Saint-Pierre-aux-liens Church at Lamber
( Municipality of Ploumoguer)
GPS : 48°24'58.9 N 4°40'47.6 W
From St-Renan, take the D67 towards Le Conquet and turn right towards Ploumoguer. Then take the second road on the right towards Lamber. Park near the church.
From Ploumoguer, take the St-Renan road then the first left, just after a row of trees. Continue for 2.5 km to the church.
Lamber, once a truce in the parish of Ploumoguer, has been an autonomous parish since 1842. During the Revolution it was even, for a short time, a commune in its own right1. Its Breton name is Lann Per or Lam Per, which means sacred place of Peter. According to tradition, at the beginning of the VIth century, Saint Pol Aurélien landed from Great Britain to Ouessant, then to Lampaul-Plouarzel where he founded the monastery of the Priory. He then went to Lamber and entrusted one of his disciples called Peter to lead a new community there. Pol Aurélien then stayed at Lampaul-Ploudalmézeau then at Kastell-Paul, today St-Pol-de-Léon, of which he was the first bishop. Lamber Monastery was probably on the other side of the fountain. The remains of a central corridor building were found there in 1930.
The present church is dedicated to the apostle St. Peter. It is probably a question of confusion between the disciple of Christ and the founder of the monastery who had the same first name. The building dates from the XIth century, but has undergone major alterations. The fountain, watched over by a small statue of Saint Peter, may have already been the object of a cult long before it was Christianized.
The entrance porch of the church shows some sculpted motifs, to the right of which is the date 1642.
On the third floor of the bell tower, the date 1690 appears. In fact, the entire bell tower comes from the chapel of St. Sebastian of St. Renan which was falling into ruins. It was bought by Ploumoguer in 1839, dismantled stone by stone and reassembled in Lamber. With its two floors of bells overlooking its gallery, it resembles the bell tower of Ploumoguer. Exceeding the roof of the nave, an unusual little bell tower houses the clock. It obviously predates the erection of the bell tower.
The nave has 5 bays. Thick pillars of square section, bevelled afterwards, and supporting Roman arches separate it from the aisles. This whole part of the building dates from the XIth century and makes the Lamber church the oldest in Leon.
On some pillars there are frescos that appeared under the layer of lime during works in 1992. They could date from the XIVth century. Nowadays, a well conducted restoration would undoubtedly reveal new ones.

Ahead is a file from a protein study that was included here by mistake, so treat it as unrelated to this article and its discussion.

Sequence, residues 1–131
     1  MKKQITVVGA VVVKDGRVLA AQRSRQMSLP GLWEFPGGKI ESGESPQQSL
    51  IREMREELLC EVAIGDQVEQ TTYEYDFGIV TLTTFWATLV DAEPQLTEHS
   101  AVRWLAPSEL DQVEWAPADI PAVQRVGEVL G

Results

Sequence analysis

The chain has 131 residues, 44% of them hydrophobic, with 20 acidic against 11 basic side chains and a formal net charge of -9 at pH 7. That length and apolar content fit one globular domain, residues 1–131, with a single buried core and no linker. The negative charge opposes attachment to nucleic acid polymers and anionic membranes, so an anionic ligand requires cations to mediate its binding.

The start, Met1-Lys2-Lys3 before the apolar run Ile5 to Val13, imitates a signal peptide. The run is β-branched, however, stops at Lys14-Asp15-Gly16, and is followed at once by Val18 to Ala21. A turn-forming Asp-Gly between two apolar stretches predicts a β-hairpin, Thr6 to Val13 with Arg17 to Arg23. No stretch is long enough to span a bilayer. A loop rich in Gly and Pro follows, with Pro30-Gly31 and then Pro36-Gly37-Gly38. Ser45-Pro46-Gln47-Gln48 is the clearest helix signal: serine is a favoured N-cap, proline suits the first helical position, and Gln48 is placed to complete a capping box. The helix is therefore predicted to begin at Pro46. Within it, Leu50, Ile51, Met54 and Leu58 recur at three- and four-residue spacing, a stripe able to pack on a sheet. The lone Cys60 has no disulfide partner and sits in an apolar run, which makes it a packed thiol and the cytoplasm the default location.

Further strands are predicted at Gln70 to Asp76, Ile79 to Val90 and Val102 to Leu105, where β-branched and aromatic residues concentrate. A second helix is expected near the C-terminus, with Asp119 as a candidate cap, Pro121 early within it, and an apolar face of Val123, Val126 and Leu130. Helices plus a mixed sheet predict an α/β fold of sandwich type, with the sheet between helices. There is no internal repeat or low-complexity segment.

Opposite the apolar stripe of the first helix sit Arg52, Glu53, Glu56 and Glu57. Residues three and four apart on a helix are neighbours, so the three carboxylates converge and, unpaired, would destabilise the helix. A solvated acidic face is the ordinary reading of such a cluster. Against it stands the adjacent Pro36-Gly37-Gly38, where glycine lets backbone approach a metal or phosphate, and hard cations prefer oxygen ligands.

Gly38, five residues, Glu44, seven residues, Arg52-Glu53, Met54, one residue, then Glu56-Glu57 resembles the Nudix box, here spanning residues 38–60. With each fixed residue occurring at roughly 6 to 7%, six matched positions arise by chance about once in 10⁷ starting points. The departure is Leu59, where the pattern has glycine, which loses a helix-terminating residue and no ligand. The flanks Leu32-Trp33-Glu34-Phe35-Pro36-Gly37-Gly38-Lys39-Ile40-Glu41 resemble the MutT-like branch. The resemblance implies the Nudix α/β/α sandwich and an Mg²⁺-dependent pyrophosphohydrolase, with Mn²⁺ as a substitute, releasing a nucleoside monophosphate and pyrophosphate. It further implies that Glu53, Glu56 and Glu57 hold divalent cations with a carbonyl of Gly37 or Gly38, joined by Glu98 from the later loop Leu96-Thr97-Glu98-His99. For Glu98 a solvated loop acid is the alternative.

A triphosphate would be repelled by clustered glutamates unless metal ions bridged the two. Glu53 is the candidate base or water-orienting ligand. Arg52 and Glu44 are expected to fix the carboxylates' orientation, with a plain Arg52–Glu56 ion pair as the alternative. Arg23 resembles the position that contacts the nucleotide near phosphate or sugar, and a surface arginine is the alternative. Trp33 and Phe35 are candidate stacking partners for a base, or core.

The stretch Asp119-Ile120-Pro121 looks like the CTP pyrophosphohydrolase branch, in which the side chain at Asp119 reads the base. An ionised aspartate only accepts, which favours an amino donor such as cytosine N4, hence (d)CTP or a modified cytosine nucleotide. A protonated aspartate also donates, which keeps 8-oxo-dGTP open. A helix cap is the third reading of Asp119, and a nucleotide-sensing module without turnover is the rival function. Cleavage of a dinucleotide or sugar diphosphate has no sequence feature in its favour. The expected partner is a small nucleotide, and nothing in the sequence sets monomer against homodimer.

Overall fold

Fourth north pillar, west face:
at the top, the face of an unidentified holy martyr.
Three drops of blood come out of his mouth.
Fourth pillar north, south face:
face of a celebrant
( green arrow on previous picture)
All these parts of frescoes appear in a frame. There are fragments of the coat of arms of the Mescouez family, lords of the former neighbouring manor, who distinguished themselves during the Hundred Years' War.
Behind the high altar, one can admire a pretty tabernacle of the end of the XVIIth century, with twisted columns. One will notice that exceptionally it is Saint Peter, and not Christ, who appears in the center of the door. The flagellation and the crowning of thorns are represented on both sides.
The lower cubicle contains the holy oils
The statues of Saint Peter with ties and of the Virgin Mary overhang it.
The aisles welcome two altars of the XIXth century dedicated one to the Sacred Heart, the other to the Virgin.
The stained-glass windows of the chancel
Very classic, they were made in 1930 by Luc Fournier, master glassmaker in Tours.
Coronation of the Virgin in Heaven
Deliverance of the apostle Peter by an angel
The stained-glass windows of the aisles
The other stained-glass windows of the church, very modern, are absolutely remarkable. They were made in 1954 by the master glassmaker Job Guével, from Pont-Aven, who used the glass slab technique. The broken glass fragments are included in a 3 cm thick cement. His wife, Lea, imagined the drawings and the composition. The two artists had met at the 'Ecole des Beaux-Arts'.
We read, in Breton, "Here is the house of God and the door of heaven".
"The cock crowed and Peter cried"
"« 1854-1954. Mary, Mother of God and Mother of men".
"From now on you'll be a man's fisherman"
"You are Peter, and on this stone... »
"Church of Rome, the mother of all churches"
Outside the church one will not fail to take a look at the Calvary of the cemetery as well as at the hight monolithic cross erected on a mound of stones. This superb cross was originally placed against the wall of the presbytery.
The small church of Lamber, in its green setting, thus hides several interesting elements, among which the most important are undoubtedly its medieval frescos which could be the work of the religious community living here in the past. If they are not understood, because they are still too fragmentary, the visitor must respect them as venerable historical remains.
1- The author Mikael Madeg reports in Contes et légendes du canton de St-Renan that in the middle of the 19th century, the parish of Lamber wanted to free itself from the tutelage of Ploumoguer. It then decided to choose itself a mayor. However, no legal election could be held, so the population tried to choose the future mayor at a party on the Krügel hill behind the church. A big potato was thrown from the top of the hill and the first one who could pick it up would be the lucky one. Alas, below, a pig escaped from its pigsty rushed at the tuber and devoured it.
The game became the laughing stock of all the inhabitants and since this failure, no mayor was appointed afterwards.
Yves-Pascal CASTEL: 'Le charme d'un discret enclos paroissial' in 'Découverte de la Bretagne, Ploumoguer, l'église de Lamber', article in' Le Progrès de Cornouaille/Courrier du Léon', 27-11-1993. Read more